The 50th anniversary of the double helix has been greeted with worldwide hoopla. It began in February, the month that James Watson and Francis Crick actually made their discovery, and will culminate this month with the golden anniversary of the paper they published announcing the news to the world.
The celebration is appropriate; understanding of the gene is rivaled only by understanding of the atom as the great scientific achievement of the last century. But just as cracking the atom raised the deepest ethical and practical dilemmas, so too does cracking the gene. Our new knowledge of genetic manipulation forces us to ask a question other generations couldn't have imagined: Are we a good enough species?
Consider Watson, who has been the towering figure in genetics research since that first paper -- the "commanding general" of the DNA revolution, in the words of London's Guardian. He has used his fame and influence to push for changing human beings in the most radical ways. Human embryos should be manipulated, he has said, to increase intelligence, to eliminate shyness, even to make sure there are no "ugly babies."
In a documentary aired in Britain in March, he called for using genetic tinkering to guard against the birth of the "really stupid." Others, citing successful animal tests on changing sociability patterns, have suggested we will soon be manipulating our offspring to be more optimistic or artistic or even devout.
Attempts to alter the human body are nothing new, of course. A century ago, French physiologist Charles Edouard Brown-Sequard became "the father of steroids" when he injected himself with an extract derived from the testicles of a guinea pig and a dog. But the latest plans of Watson and his followers are monstrous in an entirely new way. They look forward to a world of catalog children, who might spend their entire lives wondering which of their impulses are real and which the product of embryonic intervention. They replace the fate and the free will that always have been at the center of human meaning with a kind of genetic predestination that will leave our children as semi-robots.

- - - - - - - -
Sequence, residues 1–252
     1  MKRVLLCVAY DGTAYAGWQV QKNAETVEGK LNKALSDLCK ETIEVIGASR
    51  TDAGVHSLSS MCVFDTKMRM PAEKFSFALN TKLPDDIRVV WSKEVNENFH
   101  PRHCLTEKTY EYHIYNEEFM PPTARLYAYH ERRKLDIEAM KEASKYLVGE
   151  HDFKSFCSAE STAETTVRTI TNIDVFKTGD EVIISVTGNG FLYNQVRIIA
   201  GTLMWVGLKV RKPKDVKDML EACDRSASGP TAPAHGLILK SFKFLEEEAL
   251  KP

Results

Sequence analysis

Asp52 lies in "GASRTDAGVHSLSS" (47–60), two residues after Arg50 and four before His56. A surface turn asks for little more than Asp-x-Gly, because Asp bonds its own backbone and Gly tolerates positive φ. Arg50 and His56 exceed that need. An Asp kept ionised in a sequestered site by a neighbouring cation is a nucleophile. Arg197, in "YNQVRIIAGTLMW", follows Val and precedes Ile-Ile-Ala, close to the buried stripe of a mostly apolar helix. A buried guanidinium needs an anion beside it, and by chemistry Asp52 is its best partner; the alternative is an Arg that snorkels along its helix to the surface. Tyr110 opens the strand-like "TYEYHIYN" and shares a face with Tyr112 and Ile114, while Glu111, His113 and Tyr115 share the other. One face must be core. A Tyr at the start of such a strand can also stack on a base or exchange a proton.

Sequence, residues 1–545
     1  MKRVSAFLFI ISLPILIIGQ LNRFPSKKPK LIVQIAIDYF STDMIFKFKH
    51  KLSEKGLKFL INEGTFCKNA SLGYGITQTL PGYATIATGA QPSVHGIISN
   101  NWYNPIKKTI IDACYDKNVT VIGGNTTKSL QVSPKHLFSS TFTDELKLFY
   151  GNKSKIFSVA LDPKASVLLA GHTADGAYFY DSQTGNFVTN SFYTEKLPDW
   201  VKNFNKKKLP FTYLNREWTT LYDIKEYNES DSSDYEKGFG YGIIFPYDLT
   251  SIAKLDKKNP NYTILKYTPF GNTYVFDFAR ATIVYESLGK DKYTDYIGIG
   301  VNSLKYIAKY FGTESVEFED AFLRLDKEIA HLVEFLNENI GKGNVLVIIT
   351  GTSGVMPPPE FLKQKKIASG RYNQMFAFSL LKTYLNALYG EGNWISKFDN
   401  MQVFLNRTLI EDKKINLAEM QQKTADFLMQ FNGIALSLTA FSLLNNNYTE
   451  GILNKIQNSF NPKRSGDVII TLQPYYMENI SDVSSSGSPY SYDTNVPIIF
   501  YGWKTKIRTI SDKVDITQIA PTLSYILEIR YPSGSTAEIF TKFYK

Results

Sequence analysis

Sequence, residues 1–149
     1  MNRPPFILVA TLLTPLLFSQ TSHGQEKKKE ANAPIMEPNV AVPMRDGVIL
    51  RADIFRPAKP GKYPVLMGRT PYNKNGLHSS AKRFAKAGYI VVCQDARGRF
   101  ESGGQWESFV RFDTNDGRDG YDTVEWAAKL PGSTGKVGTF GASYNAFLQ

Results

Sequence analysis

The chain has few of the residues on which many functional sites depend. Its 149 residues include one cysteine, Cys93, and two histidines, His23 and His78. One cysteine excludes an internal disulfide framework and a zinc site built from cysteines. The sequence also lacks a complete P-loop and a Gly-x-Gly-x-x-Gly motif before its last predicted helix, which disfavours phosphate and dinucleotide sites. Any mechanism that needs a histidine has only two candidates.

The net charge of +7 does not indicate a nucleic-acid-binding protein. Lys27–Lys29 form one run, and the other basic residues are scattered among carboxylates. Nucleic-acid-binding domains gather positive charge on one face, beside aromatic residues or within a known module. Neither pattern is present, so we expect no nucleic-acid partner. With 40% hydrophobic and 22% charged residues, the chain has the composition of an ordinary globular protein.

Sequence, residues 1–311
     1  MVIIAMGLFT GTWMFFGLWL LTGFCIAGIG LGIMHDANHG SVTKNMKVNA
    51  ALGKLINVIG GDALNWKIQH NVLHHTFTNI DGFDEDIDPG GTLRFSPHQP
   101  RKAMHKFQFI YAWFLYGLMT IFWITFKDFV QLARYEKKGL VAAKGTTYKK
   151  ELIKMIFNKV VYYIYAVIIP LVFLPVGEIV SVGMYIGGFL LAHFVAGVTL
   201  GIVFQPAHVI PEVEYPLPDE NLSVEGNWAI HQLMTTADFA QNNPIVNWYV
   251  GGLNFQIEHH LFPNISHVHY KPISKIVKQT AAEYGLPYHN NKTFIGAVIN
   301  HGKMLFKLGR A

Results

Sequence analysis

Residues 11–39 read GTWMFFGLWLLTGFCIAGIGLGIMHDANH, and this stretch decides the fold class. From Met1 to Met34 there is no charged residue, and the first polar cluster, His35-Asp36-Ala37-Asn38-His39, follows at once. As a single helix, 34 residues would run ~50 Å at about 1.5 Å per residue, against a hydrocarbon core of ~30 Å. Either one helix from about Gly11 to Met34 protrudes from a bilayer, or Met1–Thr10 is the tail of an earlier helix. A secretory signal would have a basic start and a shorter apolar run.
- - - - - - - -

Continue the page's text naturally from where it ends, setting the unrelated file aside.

More, though, they posit humans as in need of radical overhaul and design. Our minds aren't fast enough, the techno-zealots insist. We could have bigger muscles, perpetual Prozac.
Most of all, say some, we might be able to dramatically postpone our demise. Scientists tinkering with the genes of other species have tripled their life spans. Michael D. West, chief executive of the prominent genetics firm Advanced Cell Technology, has confessed that his work is driven by fears of dying.
"All I think about, all day long, every day, is human mortality and our own aging," he said.
Hopes of enhancement and immortality are widely and superficially appealing, drawing on the overpowering love we feel for our children and on our weakness for technological consumerism. It's all too easy to imagine that a society that celebrates botulism toxin injections to fight wrinkles might fall for gene injections that seemed to promise a ticket to Harvard, not to mention immortality. But they reflect the shallowest idea about human life -- the sense that more is always better. In fact, it is in our limitations that we find our meaning. An eternal robot might be nifty, but it wouldn't be human.
Gregory Stock, director of the program in medicine, technology and society at UCLA, has written that "the human mind cannot be the highest summit of cognitive performance." Measured in computations per second, that's certainly true; heck, an executive at Advanced Cell Technology has predicted that scientists soon will be able to add 20 or 30 IQ points to an embryo. But the human mind may nonetheless be the apex of thinking machinery simply because it is able to hold things in balance, to understand that more can be too much and that there are thresholds we don't need to cross.
What we need are the equivalents of Albert Einstein and Robert Oppenheimer, scientists who recognized that the swords they'd fashioned were sharpened keenly on both edges and who worked to diminish the dangers.
If we are to stay on the human side of the future, we also need a new understanding, one at least as revolutionary as the double helix: the understanding that as a species we are good enough. Not perfect, but not in need of drastic redesign. We need to accept certain imperfections in ourselves in return for certain satisfactions.
Across the sweep of history, we've managed to make our societies gradually but steadily more humane, more caring. As individuals, at least in the Western world, we've managed to build long lives of general ease and comfort. We don't need to go post-human, to fast-forward our evolution, to change ourselves in the thoroughgoing ways that the apostles of these new technologies demand. We need not ban stem-cell research, but we should regulate it so that it doesn't raise the possibility of designer babies.
A species smart enough to discover the double helix should be wise enough to leave it more or less alone.
Copyright 2003 Los Angeles Times